last week’s goals
– cycle, fix hips
– short story
It’s something we, as writers, are constantly being told. We have to show the reader our world, show them our characters and let them experience the story. I’ve thought a lot about the old adage and have come up with a way I find useful to weed out my telling and replace it with showing.
What is Telling?
What do I mean when I say “telling”? The easiest way I find is to read my work out loud. If it sounds like I am recounting something that happened, like I’m chatting with friends, then it’s probably telling. Here is an example:
Ratchetman flew over the Perth skyline. He stopped and looked at the beautiful river dotted with boats.
If you read the above out loud you’ll hopefully see what I mean about it sounding like you are just recounting events while chatting. That’s how I think of it.
What is Showing?
Showing is when you write about the experience of doing the action. It is a form of writing that would sound funny if you spoke like it in casual conversation. If you read it out loud and it sounds just like you are reading a story out loud, then it is probably showing. Here is the same example rewritten:
Wind whipped Ratchetman’s cape about as the Perth skyline slipped underneath him. The boat-dotted river caught his attention, rendering him speechless with its beauty.
If you read the above out loud, it would sound funny in ’round the water cooler’ conversation. You can feel the cape flapping in the wind and see the city as Ratchetman flies over it. That’s what showing is all about. Most of your novel should be showing, but every now and then you’ll need to tell.
When to Tell, When to Show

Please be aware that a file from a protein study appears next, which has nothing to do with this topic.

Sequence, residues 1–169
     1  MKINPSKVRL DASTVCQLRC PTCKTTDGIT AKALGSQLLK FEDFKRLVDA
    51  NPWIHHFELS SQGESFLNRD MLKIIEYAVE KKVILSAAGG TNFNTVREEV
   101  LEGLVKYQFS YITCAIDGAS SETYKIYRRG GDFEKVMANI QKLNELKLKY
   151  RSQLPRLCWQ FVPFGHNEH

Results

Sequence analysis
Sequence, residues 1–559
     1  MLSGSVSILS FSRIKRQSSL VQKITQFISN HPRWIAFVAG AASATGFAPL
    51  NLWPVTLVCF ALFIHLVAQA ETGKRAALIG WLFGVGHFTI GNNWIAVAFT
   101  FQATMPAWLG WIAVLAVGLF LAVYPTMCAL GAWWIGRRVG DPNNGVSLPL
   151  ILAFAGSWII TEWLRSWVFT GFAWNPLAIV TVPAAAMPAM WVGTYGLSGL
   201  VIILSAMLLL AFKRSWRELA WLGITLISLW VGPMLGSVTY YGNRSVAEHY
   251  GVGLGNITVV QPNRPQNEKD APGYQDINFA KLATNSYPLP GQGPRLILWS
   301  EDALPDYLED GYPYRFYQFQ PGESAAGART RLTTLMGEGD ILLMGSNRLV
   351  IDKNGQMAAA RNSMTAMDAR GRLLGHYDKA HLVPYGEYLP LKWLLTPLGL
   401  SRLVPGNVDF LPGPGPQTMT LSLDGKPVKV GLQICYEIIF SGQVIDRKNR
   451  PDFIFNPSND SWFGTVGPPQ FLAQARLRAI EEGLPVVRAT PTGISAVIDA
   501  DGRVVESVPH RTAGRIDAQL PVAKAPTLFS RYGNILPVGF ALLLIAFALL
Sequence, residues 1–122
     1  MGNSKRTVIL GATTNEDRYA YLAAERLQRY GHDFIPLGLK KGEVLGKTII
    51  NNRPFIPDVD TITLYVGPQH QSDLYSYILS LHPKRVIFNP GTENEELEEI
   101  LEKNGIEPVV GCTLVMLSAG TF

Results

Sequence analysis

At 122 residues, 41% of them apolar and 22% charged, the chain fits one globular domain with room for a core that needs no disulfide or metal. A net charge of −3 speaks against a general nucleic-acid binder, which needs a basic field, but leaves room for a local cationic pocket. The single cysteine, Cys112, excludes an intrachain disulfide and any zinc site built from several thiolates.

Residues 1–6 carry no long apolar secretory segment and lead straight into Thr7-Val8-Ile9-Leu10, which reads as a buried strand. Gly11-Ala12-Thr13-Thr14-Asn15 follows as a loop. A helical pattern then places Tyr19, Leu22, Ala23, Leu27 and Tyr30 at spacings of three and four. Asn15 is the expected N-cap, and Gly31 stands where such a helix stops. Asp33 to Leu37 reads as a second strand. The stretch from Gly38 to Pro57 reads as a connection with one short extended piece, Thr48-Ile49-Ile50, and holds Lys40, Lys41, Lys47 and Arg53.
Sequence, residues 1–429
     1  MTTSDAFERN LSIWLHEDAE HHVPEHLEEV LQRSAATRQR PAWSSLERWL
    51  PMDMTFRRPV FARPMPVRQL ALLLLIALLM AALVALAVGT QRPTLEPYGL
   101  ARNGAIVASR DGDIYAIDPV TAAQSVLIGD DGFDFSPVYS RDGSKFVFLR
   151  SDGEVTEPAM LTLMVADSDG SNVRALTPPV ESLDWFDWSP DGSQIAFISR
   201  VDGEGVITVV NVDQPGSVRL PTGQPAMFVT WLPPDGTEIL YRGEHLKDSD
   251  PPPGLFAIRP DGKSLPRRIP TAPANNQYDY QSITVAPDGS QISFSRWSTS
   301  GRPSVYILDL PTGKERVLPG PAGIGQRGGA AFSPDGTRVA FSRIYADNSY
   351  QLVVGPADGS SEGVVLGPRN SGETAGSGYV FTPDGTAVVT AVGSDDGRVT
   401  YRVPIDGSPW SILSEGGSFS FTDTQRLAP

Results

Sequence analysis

After reading all about showing and not telling, except when you should tell and not show, I have been left wondering, like you, when you do which. I’ve read a lot of books. I’ve read science fiction, fantasy, biography, literary fiction and books about guns (I’m a boy after all). In all the story driven stuff (so everything except for the guns) I would say about 90-95% is showing and the remainder is telling. OK, maybe biographies have more telling, but not all. As a rule I show, but when I need to skip ahead or pass over some necessary, yet uninteresting, detail, I tell. For example:
Wind whipped Ratchetman’s cape about as the Perth skyline slipped underneath him. The boat-dotted river caught his attention, rendering him speechless with its beauty. It was midnight. Time to fly home.
Poor example, but I wanted to show you the ratio of showing vs telling and do it quickly without writing a whole chapter. The first two sentences are showing because I want you to feel the flight and experience the river. The second two sentences I’m telling because, while it is important you know it is midnight and he has to get home, it isn’t important that you feel that. I could have written something like:
The moon’s bright glow lit the low-lying clouds with a ghostly radiance. Ratchetman raised his arm and glanced at his watch. He squinted to make out the dial. Midnight. He banked into a sharp turn, the skyline slewing sideways and dropping away behind him. blah blah blah…
You could say that you tell when you need to move quickly without getting bogged down. Sort of like the set up for a joke: “Three men walk into a bar…” The joke only really starts after the men get to the bar and start talking to the bar tender. So you tell the audience the entry and then start showing them the joke.
Next Week’s goals
– cycle, fix hips
– short story